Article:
Bulldog

The overall look of the dog should be powerful and vigorous with a short, sturdy (not stout) body and a peculiar rolling gait. One of the distinctive elements of the Bulldog is its loose skin, especially at the head, neck and shoulders. Another distinctive feature is the massive skull. The Bulldog sort of shuffles along in a loose-jointed manner with some sidewise motion, but he should still be able to move freely and with vitality.

Other Names
English Bulldog, British Bulldog
Country of Origin
England
Colour
The bulldog can be brindle, shades of red, fawn or white with any of the aforementioned colours.
Size
Medium
Height / Weight
The present day Bulldog stands at between 31-36cms at the withers and weighs between 23-25kgs.
Health
Due to all these physical eccentricities, the Bulldog is beset by a bevy of health problems. Elbow and patellar dysplasia are not uncommon and all breeding dogs should be screened for these two diseases. Hip dysplasia can occur but it is difficult to screen for and score accurately in Bulldogs due to their unique anatomy. Due to the massive head and relatively narrow hips the Bulldog usually delivers by caesarian section. Another breeding problem plaguing Bulldog breeders is the male dog’s frequent inability to mate. As a result, many litters are conceived via artificial insemination. Mange is a further problem that seems to attack Bulldogs. Also worth mentioning is the fact that Bulldogs are not tolerant of heat and care should be taken whilst exercising as they can have respiratory difficulties.Common ailments: Bones (Developmental) - Elbow dysplasia, Bones (Developmental) - Patellar luxation, Endocrine - Hypothyroidism, Eye - Distichiasis, Eye - Ectropion, Eye - Entropion, Eye - Harderian gland prolapse (Cherry eye), Eye - Keratoconjunctivitis sicca (KCS)/ Dry Eye, Heat intolerance, anascara, inability to mount in mating, uterine inertia, Nose - Stenotic nares, Pregnancy - Caesarian, Pregnancy - Dystocia or difficult births, Skin - Dermatitis - Acute moist ("wet eczema" or "hot spot"), Skin - Mange - Demodectic, Skin - Pyoderma - Superficial, Urogenital (Acquired) - Nephroliths (kidney stones, renal calculi)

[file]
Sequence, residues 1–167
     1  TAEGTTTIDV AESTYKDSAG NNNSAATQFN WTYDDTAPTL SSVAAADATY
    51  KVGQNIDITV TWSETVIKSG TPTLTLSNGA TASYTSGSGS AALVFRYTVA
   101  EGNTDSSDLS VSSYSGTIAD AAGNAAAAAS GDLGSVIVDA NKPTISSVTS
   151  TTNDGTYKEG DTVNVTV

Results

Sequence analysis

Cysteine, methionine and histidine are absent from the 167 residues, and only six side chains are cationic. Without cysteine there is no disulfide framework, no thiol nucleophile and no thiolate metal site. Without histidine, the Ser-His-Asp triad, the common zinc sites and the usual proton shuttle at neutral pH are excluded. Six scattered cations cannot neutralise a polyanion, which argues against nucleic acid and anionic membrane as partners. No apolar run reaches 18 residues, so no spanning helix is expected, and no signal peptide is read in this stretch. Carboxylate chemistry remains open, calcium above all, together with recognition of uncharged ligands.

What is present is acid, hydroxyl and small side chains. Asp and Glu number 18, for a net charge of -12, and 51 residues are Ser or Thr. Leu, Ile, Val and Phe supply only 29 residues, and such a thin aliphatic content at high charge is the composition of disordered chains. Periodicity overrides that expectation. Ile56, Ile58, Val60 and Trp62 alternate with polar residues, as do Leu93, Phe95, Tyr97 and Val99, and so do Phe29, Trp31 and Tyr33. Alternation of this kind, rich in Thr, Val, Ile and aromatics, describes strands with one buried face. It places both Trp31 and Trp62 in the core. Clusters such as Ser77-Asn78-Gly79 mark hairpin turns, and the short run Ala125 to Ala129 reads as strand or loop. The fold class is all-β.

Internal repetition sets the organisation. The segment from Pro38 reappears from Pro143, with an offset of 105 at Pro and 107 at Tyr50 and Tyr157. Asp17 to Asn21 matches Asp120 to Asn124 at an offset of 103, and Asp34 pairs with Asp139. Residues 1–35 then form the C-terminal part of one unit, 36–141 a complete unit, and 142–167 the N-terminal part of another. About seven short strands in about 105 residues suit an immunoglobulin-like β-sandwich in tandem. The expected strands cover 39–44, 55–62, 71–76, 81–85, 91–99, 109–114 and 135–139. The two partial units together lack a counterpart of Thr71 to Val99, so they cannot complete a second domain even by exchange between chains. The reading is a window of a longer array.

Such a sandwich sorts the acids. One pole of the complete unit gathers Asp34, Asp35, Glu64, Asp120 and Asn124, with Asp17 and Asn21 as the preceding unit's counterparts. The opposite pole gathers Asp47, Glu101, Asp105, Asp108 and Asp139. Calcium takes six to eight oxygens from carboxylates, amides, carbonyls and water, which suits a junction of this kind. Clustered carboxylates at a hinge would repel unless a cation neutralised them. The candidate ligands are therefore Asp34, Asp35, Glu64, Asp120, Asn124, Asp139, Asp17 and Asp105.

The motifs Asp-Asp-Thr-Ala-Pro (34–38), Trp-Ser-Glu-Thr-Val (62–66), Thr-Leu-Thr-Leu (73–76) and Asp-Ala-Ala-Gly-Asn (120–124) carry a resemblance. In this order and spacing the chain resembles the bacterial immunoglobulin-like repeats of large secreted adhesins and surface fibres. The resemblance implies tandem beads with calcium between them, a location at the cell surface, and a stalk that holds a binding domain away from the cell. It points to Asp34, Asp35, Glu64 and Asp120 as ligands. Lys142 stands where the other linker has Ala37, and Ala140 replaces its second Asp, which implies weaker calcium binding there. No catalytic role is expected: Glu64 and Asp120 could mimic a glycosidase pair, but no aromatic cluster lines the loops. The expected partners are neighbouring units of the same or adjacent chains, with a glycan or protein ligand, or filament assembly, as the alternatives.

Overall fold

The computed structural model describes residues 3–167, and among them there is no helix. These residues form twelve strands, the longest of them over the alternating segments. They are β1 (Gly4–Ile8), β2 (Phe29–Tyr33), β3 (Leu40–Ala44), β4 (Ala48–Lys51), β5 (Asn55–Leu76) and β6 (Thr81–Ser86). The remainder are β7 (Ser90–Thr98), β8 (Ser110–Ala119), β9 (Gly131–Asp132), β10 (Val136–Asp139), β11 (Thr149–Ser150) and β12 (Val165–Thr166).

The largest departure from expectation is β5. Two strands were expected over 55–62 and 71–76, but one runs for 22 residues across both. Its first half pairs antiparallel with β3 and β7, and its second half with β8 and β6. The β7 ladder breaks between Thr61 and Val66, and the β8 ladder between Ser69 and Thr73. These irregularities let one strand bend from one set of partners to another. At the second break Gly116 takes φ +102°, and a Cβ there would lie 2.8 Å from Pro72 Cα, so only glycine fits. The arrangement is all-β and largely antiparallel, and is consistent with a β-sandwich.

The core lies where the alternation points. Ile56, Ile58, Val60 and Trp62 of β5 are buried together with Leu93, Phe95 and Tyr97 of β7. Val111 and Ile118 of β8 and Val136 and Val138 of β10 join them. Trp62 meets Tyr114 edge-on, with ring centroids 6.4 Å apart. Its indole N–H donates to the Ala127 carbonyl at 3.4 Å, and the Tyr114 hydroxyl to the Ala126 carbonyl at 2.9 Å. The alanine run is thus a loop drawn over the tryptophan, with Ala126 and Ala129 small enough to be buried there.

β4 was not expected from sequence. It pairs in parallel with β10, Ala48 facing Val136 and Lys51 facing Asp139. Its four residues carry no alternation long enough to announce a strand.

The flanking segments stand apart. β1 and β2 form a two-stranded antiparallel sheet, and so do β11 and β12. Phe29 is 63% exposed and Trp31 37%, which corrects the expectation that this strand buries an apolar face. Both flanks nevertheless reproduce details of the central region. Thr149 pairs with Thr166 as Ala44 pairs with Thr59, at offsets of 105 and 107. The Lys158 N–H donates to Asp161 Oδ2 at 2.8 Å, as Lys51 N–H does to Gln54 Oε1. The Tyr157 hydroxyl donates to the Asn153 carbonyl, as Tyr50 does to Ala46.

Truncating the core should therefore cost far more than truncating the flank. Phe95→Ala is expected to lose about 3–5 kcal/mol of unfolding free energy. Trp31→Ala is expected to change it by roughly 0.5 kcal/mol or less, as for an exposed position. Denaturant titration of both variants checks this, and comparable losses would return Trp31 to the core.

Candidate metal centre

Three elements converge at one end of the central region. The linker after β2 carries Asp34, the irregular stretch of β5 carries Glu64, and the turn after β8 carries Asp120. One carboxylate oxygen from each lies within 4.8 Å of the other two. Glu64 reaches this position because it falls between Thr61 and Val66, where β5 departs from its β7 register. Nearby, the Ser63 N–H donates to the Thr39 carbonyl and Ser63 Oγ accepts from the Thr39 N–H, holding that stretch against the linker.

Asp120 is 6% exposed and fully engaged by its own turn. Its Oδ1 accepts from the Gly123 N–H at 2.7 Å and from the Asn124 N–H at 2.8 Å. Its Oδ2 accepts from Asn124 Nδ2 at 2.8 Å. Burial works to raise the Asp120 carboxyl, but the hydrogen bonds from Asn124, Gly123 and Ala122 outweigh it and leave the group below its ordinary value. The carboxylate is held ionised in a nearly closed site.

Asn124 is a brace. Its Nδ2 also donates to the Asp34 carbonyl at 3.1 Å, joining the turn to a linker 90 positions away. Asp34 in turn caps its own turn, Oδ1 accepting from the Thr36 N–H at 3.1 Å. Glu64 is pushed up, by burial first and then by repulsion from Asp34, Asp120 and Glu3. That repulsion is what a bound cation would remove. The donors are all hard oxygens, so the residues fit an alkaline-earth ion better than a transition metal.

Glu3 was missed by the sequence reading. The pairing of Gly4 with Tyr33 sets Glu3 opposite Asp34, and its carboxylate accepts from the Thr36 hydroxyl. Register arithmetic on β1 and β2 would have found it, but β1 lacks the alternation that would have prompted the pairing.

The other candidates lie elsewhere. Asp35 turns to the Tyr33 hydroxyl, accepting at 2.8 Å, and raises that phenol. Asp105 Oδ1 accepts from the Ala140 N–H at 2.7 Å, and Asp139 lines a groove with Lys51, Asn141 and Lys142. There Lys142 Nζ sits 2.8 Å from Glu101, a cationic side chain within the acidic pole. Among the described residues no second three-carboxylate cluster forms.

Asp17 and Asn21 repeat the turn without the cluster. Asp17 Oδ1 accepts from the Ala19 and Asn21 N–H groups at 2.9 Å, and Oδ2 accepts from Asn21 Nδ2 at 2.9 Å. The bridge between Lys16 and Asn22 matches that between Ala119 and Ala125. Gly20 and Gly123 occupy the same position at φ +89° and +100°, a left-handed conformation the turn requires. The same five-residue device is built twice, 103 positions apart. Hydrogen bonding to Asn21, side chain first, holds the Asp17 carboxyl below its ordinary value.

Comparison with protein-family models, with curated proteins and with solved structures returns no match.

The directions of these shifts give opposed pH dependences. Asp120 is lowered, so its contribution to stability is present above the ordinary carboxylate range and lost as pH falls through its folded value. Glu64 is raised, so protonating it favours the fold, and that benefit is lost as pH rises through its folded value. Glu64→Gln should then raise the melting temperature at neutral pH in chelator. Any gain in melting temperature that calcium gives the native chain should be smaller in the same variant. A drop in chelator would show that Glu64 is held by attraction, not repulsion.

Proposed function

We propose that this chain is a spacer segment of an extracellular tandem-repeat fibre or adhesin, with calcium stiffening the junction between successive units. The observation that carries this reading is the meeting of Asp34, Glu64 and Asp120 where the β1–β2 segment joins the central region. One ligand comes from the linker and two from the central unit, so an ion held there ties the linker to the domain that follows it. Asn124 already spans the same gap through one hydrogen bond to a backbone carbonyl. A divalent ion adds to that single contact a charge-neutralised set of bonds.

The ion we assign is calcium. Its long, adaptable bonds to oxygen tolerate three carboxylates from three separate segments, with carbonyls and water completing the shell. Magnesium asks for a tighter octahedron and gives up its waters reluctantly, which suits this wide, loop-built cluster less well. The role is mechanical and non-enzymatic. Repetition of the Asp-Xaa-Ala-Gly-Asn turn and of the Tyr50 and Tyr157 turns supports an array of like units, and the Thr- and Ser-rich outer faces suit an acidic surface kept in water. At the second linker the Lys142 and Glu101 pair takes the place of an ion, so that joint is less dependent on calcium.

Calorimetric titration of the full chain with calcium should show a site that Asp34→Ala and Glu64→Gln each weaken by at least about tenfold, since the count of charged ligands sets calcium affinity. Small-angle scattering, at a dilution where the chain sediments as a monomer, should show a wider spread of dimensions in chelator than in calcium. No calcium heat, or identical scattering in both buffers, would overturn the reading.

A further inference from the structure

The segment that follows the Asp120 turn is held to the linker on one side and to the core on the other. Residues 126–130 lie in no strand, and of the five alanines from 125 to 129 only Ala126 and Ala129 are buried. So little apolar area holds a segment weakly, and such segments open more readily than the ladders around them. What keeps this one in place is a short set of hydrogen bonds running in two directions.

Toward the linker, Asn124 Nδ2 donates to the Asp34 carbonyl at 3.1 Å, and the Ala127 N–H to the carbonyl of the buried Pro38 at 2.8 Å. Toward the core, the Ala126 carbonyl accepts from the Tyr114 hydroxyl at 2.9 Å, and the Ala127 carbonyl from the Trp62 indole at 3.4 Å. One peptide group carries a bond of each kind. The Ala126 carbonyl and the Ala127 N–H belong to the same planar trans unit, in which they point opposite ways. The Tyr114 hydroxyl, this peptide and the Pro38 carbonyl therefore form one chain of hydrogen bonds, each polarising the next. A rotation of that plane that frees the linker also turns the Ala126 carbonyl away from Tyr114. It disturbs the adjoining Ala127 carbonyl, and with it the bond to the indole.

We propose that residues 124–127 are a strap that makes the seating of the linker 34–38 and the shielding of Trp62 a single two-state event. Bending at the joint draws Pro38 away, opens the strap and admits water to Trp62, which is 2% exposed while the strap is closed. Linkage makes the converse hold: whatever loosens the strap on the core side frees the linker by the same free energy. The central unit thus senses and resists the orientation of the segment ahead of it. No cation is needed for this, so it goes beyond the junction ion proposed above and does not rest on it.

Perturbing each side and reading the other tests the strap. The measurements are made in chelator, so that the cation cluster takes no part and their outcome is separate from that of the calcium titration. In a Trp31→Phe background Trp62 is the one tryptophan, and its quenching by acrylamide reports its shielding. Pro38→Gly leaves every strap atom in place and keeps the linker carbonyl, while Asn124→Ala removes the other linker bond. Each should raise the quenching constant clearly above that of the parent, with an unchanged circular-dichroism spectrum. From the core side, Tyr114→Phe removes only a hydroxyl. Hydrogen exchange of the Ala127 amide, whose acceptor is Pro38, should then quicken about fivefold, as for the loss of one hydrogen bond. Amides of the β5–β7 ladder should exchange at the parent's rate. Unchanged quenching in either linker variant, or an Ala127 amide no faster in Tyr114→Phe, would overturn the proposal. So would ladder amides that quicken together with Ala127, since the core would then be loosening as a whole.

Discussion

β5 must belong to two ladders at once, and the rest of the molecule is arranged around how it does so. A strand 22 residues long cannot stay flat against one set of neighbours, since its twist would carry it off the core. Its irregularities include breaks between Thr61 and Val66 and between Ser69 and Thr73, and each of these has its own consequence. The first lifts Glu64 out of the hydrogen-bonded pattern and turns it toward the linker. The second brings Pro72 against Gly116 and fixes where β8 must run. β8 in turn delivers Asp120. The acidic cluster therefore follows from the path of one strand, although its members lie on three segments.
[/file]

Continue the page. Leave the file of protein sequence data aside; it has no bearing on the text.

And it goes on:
Life Span
Bulldogs have a life expectancy of around 8 years, although some will live longer.
Intelligence
Although stubborn and not terribly easy to train, the breed is intelligent, devoted and a bit of a clown. To train the Bulldog use consistency and firmness but beware that this dog is very sensitive to the voice. It will not take kindly to being screamed at and will probably choose to end the training session and curl up on the sofa to studiously ignore you.
Exercise
Suitability (Children)
Low
Feeding

You must be very careful to avoid overfeeding with this breed. Also, many dogs have skin problems and may need to be on special diets.

Feeding Cost
$10 to $15
Other Cost
Excercise
Bulldogs should never be exercised in the heat of the day. Two relatively short walks at a steady but not terribly brisk pace should be adequate.